GERMANY – The European Lutheran Conference (ELC) elected Rev. Klaus Pahlenas its new president on May 24, 2014. The election came on the final day of the ELC’s 2014 conference held in Bleckmar, Germany.
President Klaus Pahlen has served as Dean of the Western District of Germany’s Independent Evangelical Lutheran Church since 2010. He was first elected to the committee of the ELC in 2012 when he became Vice-President. President Klaus continues to serve as a pastor of the Lutheran Church in Essen, Germany. From 1987-2003, he worked in Botswana translating the Bible into the Kalanga language.
President Pahlensucceeds President Jean Thiébaut Haessig, who served as ELC President from 2002-2014. President Haessig had earlier announced that he would not be seeking reelection. In addition to serving as President, Rev. Haessig served the ELC as Vice-President (1990-1993) and Secretary (1993-2002). He had served in these positions while President of the Evangelical Lutheran Church – Synod of France (EELSF), from which he retired in 2012. In total, President Emeritus Haessig had served 36 years on the EELSF’s Synodical Board, twelve of those years as President.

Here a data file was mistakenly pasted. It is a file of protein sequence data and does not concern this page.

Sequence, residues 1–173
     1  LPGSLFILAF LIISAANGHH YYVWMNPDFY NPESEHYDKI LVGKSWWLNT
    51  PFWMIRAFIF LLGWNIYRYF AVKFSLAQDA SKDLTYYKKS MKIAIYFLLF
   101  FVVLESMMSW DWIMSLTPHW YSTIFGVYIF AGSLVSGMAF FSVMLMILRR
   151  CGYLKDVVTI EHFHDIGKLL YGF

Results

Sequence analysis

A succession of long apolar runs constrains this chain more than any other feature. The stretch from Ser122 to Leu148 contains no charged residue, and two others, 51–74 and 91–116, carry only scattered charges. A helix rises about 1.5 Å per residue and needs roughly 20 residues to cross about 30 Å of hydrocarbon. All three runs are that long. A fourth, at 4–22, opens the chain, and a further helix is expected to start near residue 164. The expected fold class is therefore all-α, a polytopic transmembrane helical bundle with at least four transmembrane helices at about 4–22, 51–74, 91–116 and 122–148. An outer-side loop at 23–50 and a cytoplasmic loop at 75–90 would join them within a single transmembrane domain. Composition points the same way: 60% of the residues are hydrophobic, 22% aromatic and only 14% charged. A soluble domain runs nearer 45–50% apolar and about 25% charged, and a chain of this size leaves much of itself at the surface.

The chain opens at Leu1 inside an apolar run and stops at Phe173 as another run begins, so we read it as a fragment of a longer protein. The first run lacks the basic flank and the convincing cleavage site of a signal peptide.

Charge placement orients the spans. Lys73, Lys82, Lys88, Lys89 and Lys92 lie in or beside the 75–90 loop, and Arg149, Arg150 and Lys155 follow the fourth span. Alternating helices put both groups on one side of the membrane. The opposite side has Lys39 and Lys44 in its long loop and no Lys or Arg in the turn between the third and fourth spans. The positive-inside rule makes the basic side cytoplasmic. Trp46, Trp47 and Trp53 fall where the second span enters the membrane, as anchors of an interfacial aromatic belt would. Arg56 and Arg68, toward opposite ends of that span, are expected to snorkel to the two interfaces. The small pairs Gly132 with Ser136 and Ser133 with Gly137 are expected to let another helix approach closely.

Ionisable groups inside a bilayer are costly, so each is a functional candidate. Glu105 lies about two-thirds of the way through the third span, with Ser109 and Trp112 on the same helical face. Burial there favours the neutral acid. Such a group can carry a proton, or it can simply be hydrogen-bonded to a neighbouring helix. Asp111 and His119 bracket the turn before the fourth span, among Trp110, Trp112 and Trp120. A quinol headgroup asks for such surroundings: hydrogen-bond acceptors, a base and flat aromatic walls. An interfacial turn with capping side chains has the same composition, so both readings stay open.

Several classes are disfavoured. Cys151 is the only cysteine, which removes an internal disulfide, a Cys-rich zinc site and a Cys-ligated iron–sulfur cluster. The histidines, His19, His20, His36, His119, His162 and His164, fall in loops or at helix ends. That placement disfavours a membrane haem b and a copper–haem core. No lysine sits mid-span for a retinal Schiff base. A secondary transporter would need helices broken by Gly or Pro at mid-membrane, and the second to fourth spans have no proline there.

Also elected to serve on the ELC’s Committee was Rev. Leif Jensen as Vice-President and Rev. George Samiec was reelected to serve as Secretary. Rev. Jensen is President of the Evangelical Lutheran Free Church in Denmark. He previously served as Secretary of the ELC during the 1980s. Rev. Samiec is Vice-Chairman of the Evangelical Lutheran Church in England. He has served the last eight years as Secretary for the ELC and also served a term as Vice-President.
GERMANY – The European Lutheran Conference (ELC) continued into its second day of meetings May 23 in Bleckmar, Germany.
Discussion of this year’s theme—“Living in an Ecumenical World”—continued Friday, with Chairman Jon Ehlers of the Evangelical Lutheran Church in England (ELCE) giving the event’s third major presentation. Chairman Ehlers, who also serves the International Lutheran Council as its European world region representative, spoke on the practical challenges confessional Lutheran churches face today, using the experiences of the ELCE to illustrate. Among the topics he discussed were who can serve as baptismal sponsors, visitors attending worship services at which Holy Communion is being served, participation in local ecumenical events, and more.
Conference participants then broke into small groups where they discussed Chairman Ehler’s presentation, before reporting their thoughts back to the larger conference. A day earlier the same groups discussed two additional topics: the nature of the church, and how confessional Lutherans should relate to other denominations. The conclusions drawn by the ELC in these discussions will be used in the formation of a guidance document on “Living in an Ecumenical World”—a series of recommendations on the subject for confessional Lutheran congregations in Europe.
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